VALLEJO – A sixth participant who died during Vallejo’s Project RoomKey program, which was designed to help vulnerable homeless people during the COVID-19 pandemic, has been identified as Pia Sorrell, according to an email obtained by the Vallejo Sun through a public records request.
Shayne Kaleo of Shelter Inc., which took over as the Project RoomKey case management provider late last year, wrote an email on Nov. 3, 2021, to other Project RoomKey officials alerting them of Sorrell’s death. That included Natalie Peterson, who was an administrative analyst in the Vallejo city manager’s office at the time.
“It’s with a heavy heart that a participant came to the front desk and informed staff that Pia Sorrell has passed,” Kaleo wrote. “My understanding is she was seen at another motel, she fainted, and by the time the EMTs arrived they were struggling to revive her.”
The Solano County coroner’s office told the Vallejo Sun that Sorrell’s death was reported to the coroner’s office, but it did not take possession of her body and therefore did not perform an autopsy nor conduct an investigation. The city of Vallejo did not release any records indicating Sorrell’s cause of death in response to the records request from the Sun.
Sorrell’s death was first publicly disclosed last month during an update about the program to the Vallejo City Council, months after city officials said that a “total” of five people had died during the nearly two-year program.
City officials have repeatedly declined to provide any information about Sorrell’s or the other deaths, which the Sun discovered via a series of records requests just as the program was winding down in January. At least three of the people who died were not found for days following their deaths.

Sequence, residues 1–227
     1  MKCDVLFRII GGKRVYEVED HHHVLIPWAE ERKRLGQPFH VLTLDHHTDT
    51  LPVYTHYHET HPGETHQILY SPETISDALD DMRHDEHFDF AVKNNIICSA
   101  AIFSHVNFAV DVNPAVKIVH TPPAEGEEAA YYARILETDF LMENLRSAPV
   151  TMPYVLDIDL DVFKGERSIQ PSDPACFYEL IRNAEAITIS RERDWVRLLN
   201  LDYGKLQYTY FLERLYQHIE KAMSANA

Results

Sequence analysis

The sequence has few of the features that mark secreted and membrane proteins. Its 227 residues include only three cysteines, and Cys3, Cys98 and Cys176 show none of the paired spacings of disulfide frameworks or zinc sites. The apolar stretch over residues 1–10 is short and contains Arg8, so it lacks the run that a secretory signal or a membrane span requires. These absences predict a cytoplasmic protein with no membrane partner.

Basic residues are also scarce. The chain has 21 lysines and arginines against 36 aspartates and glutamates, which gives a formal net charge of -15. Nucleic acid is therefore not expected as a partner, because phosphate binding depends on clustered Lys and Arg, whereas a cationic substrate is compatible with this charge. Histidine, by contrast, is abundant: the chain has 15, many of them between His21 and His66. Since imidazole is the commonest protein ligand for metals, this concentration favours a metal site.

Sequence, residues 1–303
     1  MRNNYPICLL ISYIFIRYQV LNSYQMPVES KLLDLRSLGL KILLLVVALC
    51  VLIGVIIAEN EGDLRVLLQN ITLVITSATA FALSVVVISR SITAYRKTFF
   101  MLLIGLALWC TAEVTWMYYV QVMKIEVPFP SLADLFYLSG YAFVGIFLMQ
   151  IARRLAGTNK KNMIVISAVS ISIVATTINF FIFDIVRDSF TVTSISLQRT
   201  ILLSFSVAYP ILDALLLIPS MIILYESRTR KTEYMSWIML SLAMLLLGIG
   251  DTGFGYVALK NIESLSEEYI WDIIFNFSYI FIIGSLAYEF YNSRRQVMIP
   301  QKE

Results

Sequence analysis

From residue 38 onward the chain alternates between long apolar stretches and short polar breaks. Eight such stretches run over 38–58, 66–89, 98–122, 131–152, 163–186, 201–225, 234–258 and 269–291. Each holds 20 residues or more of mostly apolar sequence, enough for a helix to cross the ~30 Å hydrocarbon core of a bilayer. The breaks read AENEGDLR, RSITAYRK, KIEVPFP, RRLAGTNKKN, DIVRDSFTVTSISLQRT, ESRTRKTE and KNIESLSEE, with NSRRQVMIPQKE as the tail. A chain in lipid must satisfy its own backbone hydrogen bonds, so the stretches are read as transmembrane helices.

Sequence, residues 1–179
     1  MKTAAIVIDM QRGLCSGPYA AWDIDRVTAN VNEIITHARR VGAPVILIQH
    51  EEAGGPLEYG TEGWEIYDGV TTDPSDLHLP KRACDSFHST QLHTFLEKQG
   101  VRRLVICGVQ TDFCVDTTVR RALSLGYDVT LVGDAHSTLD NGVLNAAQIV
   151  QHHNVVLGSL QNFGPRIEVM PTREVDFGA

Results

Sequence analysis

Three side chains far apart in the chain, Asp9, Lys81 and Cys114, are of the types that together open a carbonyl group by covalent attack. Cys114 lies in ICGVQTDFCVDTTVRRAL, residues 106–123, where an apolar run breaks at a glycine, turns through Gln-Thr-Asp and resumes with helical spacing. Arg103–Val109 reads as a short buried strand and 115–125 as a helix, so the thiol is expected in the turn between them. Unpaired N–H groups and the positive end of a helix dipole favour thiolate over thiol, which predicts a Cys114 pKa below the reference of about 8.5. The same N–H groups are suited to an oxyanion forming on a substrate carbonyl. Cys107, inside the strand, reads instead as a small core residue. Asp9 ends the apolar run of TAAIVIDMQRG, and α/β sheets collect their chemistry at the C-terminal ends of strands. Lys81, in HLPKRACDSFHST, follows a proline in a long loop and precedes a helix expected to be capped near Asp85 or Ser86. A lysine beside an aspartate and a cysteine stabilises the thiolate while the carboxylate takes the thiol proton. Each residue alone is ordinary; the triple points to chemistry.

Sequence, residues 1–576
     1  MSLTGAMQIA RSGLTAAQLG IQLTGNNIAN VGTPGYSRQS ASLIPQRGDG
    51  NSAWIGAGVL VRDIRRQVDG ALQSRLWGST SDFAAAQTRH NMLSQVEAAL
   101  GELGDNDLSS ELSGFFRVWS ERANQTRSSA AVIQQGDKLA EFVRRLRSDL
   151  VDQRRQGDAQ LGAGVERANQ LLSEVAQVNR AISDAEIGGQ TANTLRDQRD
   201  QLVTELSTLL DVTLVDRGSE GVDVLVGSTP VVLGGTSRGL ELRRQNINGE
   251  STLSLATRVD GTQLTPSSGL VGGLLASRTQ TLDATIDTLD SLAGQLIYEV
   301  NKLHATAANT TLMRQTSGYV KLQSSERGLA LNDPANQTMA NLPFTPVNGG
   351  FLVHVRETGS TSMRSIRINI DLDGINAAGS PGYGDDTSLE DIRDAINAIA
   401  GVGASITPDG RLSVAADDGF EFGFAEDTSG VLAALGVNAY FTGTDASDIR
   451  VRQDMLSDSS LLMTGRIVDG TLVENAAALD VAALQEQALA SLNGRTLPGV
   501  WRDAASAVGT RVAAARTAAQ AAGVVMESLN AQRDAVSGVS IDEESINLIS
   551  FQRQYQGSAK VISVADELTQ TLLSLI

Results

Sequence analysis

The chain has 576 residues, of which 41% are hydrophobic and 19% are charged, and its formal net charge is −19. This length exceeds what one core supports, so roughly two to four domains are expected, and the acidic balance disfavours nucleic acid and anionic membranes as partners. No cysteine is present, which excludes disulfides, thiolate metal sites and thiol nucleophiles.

“The city is not going to make specific comments related to the deaths,” assistant City Manager Gillian Hayes said during the July council meeting. “Those coroner reports are public information. You can go through the Solano County sheriff to grab those, but the city, at this point, is not going to comment on any of those at this time.”
Hayes, who was overseeing the Project RoomKey program when Sorrell died, later said in response to questions from the Sun that Sorrell’s death “had nothing to do with the program,” and that “the participant was in the process of exiting the program at the time of death.”
Project RoomKey was a program enacted across the state in March 2020 to place vulnerable people in hotel rooms to prevent the spread of COVID-19. In Vallejo, the program was managed by the city’s housing department, which enlisted a series of contractors to provide case management and other services.
The Sun previously reported that the city was warned of deteriorating and hazardous conditions inside hotels it used for Project RoomKey, but the city’s former housing manager either ignored them or took measures that were inadequate.
Emails between former Vallejo Housing and Community Development Manager Judy Shepard-Hall and the city’s contracted case management provider Unity Care show that Shepard-Hall received a scathing mold evaluation of a motel housing homeless people but didn’t act on it for six months.
Shepard-Hall was placed on paid administrative leave in May 2021 and ultimately left the city last December.
Unity Care was the case management provider between October 2020 and October 2021. The city changed service providers three times, with Shelter, Inc., managing the program from October 2021 until January of this year, when the program ended.
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THE VALLEJO SUN NEWSLETTER
Investigative reporting, regular updates, events and more
- Project Roomkey
- Vallejo City Hall
- Shelter Inc.
- Pia Sorrell
- Shayne Kaleo
- Natalie Peterson
- Gillian Hayes
- Judy Shepard-Hall
- Unity Care
Scott Morris is a journalist based in Oakland who covers policing, protest, civil rights and far-right extremism. His work has been published in ProPublica, the Appeal and Oaklandside.
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